Senusret I (Sesostris I) - 1971-1926
Amenemhet II - 1929-1895
Senusret II (Sesostris II) - 1897-1878
Senusret III (Sesostris III) - 1878-1841
Amenemhet III - 1842-1797
Amenemhet IV - 1798-1786
Queen Sobeknefru A rare female ruler. 1785-1782

Second intermediate period

The Second Intermediate Period is a period of disarray between the end of the Middle Kingdom, and the start of the New Kingdom. It is best known as when the Hyksos made their appearance in Egypt, whose reign comprised the Fifteenth and Sixteenth Dynasties .

The Thirteenth Dynasty was much weaker than the Twelfth Dynasty, and was unable to hold onto the long land of Egypt. The provincial ruling family in Xois , located in the marshes of the western Delta, broke away from the central authority to form the Fourteenth Dynasty .

The Hyksos made their first appearance during the reign of Sobekhotep IV , and around 1720 BC took control of the town of Avaris (the modern Tell ed-Dab'a /Khata'na). The Hyksos, led by Salitis , the founder of the Fifteenth Dynasty, overran Egypt during the reign of Dudimose I .

Around the time Memphis fell to the Hyksos, the native Egyptian ruling house in Thebes declared its independence and set itself up as the Seventeenth Dynasty . This dynasty eventually drove the Hyksos back into Asia

Thirteenth Dynasty

The Thirteenth Dynasty ruled from 1786 to around 1705 BC .

Name Comments Dates
Sobkhotep I - 1786- ? (5+ yrs.)
Senbuef - 3 or more yrs.
Sehetepibre - c. 1770-1769
Ameny Intef IV (Amenemhet V ) -  ? -1760
Amu Sihornerjheryotef -  ?
Renseneb - 4 mo. in c. 1760
Hor - c. 1760
Sobekhotep II (Amenemhet VI ) - c. 1750
Ugaf - 2 years
Senusret IV -  ?
Khendjer - 4 yrs, incl. c. 1747
Semenkhkare -  ?
Sobekemsaf I -  ?
Sobekhotep III - c. 1745
Neferhotep I - 1741-1730
Sobekhotep IV - 1730-1720
Merneferre Ai - c. 1720
Neferhotep II -  ?
Dudimose I - c. 1674
Dudimose II -  ?
Senebmiu -  ?
Mentuhotep V -  ?
Senaayeb -  ?

Fourteenth Dynasty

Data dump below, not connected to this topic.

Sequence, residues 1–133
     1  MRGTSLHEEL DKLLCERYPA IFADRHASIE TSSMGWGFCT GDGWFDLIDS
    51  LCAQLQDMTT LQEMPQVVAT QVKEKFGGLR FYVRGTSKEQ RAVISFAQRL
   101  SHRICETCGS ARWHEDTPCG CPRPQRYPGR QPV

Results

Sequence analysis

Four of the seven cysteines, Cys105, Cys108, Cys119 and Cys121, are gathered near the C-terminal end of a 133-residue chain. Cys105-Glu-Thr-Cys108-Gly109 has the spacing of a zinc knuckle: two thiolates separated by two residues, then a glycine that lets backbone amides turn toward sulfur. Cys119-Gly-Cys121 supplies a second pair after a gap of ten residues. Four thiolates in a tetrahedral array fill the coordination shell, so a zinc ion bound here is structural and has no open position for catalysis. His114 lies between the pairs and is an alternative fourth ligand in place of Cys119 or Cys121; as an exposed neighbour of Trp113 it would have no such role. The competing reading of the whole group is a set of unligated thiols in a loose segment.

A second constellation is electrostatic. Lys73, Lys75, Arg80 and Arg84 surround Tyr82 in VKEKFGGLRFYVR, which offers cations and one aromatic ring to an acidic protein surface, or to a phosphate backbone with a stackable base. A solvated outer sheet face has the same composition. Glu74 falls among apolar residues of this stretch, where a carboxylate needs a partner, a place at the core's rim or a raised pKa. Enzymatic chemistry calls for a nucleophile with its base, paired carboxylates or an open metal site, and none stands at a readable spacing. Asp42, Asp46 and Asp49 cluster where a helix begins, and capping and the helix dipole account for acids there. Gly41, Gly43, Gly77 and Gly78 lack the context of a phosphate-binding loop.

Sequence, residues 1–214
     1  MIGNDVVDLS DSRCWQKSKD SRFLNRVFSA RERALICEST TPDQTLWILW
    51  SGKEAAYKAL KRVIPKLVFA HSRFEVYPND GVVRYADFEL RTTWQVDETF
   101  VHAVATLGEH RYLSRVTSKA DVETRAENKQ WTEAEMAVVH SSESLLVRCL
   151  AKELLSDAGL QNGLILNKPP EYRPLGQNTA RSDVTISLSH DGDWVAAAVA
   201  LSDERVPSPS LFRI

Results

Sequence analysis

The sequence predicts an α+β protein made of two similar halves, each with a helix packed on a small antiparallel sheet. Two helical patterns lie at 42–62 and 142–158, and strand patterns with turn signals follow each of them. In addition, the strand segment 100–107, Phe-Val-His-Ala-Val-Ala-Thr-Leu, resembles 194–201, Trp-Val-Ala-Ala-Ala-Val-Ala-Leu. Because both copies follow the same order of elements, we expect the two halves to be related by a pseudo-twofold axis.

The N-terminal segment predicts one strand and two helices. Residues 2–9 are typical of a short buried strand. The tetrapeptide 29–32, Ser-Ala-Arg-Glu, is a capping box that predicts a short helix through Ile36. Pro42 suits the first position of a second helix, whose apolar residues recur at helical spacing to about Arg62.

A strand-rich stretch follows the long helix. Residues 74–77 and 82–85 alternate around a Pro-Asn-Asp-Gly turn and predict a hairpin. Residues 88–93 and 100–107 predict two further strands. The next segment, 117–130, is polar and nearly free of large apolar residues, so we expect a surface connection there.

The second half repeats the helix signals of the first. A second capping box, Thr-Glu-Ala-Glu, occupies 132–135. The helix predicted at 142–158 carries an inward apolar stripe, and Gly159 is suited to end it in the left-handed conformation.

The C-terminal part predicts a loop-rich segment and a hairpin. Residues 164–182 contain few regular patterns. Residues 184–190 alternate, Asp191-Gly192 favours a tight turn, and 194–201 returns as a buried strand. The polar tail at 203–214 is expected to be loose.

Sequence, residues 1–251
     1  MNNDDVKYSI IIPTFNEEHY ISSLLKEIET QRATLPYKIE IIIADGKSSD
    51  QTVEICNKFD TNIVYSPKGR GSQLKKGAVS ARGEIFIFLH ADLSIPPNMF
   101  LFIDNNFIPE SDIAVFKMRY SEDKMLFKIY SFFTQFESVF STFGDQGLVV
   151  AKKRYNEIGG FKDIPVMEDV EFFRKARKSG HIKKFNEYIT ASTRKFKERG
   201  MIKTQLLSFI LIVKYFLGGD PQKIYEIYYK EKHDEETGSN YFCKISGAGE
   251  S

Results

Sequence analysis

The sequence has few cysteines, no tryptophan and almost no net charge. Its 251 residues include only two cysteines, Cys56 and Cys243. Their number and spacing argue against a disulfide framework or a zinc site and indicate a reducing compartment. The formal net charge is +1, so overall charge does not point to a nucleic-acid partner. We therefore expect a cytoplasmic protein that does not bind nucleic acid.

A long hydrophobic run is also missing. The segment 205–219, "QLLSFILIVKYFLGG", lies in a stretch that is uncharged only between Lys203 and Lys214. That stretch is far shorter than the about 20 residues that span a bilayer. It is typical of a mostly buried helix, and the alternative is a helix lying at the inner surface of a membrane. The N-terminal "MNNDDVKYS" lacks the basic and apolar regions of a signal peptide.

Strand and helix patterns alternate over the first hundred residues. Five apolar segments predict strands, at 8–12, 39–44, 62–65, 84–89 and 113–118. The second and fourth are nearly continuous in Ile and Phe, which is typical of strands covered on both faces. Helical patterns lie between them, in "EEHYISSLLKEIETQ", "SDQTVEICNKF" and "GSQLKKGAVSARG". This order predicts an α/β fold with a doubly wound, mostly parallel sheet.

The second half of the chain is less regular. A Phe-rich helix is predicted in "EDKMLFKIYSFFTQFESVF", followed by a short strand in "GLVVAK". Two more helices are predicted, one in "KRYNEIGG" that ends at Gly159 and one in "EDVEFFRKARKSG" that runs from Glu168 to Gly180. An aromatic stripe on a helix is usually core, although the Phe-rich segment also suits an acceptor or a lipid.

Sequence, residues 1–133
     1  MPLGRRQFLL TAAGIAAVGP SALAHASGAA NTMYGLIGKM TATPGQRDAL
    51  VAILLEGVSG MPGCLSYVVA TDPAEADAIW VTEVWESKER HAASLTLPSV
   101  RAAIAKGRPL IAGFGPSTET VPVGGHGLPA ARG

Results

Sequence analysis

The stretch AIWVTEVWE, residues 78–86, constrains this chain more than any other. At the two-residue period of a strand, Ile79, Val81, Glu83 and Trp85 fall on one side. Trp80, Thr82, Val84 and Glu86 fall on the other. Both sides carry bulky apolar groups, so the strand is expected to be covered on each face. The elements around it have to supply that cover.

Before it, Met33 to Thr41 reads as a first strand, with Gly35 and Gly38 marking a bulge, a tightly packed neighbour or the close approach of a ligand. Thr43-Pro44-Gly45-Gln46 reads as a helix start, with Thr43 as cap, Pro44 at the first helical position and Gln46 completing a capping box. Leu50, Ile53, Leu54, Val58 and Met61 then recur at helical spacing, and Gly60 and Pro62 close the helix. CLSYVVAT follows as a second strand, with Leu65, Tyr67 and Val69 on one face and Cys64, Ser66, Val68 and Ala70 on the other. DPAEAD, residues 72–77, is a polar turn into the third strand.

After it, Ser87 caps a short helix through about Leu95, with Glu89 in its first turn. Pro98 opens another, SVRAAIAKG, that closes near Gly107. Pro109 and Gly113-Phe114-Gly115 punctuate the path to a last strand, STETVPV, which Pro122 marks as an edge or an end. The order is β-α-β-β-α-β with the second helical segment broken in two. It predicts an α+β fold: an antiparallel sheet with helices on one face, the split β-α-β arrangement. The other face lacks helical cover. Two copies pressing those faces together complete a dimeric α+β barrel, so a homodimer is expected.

The Fourteenth Dynasty was a local group from the eastern Delta, based at Xois (Avaris), that ruled from around 1705 to around 1690 BC .

Name Comments Dates
Nehesy - c. 1705
Khakherewre ? -  ?
Nebefawre - c. 1704
Sehebre ? -  ?
Merdjefare - c. 1699
Sewadjkare ? -  ?
Nebdjefare - c. 1694
Webenre ? -  ?
 ? -  ?
---djefare ? -  ?
---webenre - c. 1690

The Turin King List provides an additional 25 names, some fragmentary, and no dates. None are attested to elsewhere, and all are of very dubious provenance.

Fifteenth Dynasty

The Fifteenth Dynasty arose from among the Hyskos people: desert Bedouins who emerged out of the Fertile Crescent to establish a short-lived governance over much of the Nile region, and ruled from 1674 to 1567 BC.

Name Comments Dates
Sheshi Ruled either 1 or 3 years 1674- ?
Yakubher - 8 years
Khyan -  ?
Apepi I - 40 years or more
Apepi II -  ?
Khamudy -  ? -1567

Sixteenth Dynasty

The Sixteenth Dynasty was a local group based on the north coast of the Sinai (Pelusium) and ruled from 1663 to around 1555 BC:

Nomen (Praenomen) Comments Dates
- name of the first king is lost here in the Turin King List, and cannot be recovered -
Djehuty (Sekhemresementawy) - 3 y
Sobekhotep VIII (Sekhemresewosertawy) - 16 y
Neferhotep III (Sekhemresankhtawy) - 1 y
Mentuhotepi (Sankhenra) - 1 y
Nebiryraw I (Sewadjenra) - 26 y
Nebiryraw II - 3 m?
- (Semenra ) - 1 y?
Bebiankh (Sewoserenra) - 12 y
- (Sekhemreshedwaset ) - 3 m?
- names of five kings are lost here in the Turin King List, and cannot be recovered -

Some sources include as many as six more names -- Semqen, Khauserre, Seket, Ahetepre, Amu, and Nebkhepeshre (Apepi III) -- who are not attested elsewhere. This group seems to have disappeared entirely by 1555 BC.

Seventeenth Dynasty